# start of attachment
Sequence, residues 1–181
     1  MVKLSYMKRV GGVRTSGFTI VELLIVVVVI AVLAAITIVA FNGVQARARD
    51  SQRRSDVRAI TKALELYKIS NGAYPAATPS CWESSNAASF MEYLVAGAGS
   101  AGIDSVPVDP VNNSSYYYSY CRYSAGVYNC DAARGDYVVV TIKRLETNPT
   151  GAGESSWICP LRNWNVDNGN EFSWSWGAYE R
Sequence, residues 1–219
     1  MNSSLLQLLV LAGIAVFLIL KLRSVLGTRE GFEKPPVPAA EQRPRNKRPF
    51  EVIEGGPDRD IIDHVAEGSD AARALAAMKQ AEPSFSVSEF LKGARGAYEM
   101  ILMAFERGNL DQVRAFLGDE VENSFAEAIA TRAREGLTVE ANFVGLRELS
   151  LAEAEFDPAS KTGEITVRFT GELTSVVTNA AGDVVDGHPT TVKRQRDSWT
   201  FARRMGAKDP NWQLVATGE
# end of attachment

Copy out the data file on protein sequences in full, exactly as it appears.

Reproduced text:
Sequence, residues 1–181
     1  MVKLSYMKRV GGVRTSGFTI VELLIVVVVI AVLAAITIVA FNGVQARARD
    51  SQRRSDVRAI TKALELYKIS NGAYPAATPS CWESSNAASF MEYLVAGAGS
   101  AGIDSVPVDP VNNSSYYYSY CRYSAGVYNC DAARGDYVVV TIKRLETNPT
   151  GAGESSWICP LRNWNVDNGN EFSWSWGAYE R
Sequence, residues 1–219
     1  MNSSLLQLLV LAGIAVFLIL KLRSVLGTRE GFEKPPVPAA EQRPRNKRPF
    51  EVIEGGPDRD IIDHVAEGSD AARALAAMKQ AEPSFSVSEF LKGARGAYEM
   101  ILMAFERGNL DQVRAFLGDE VENSFAEAIA TRAREGLTVE ANFVGLRELS
   151  LAEAEFDPAS KTGEITVRFT GELTSVVTNA AGDVVDGHPT TVKRQRDSWT
   201  FARRMGAKDP NWQLVATGE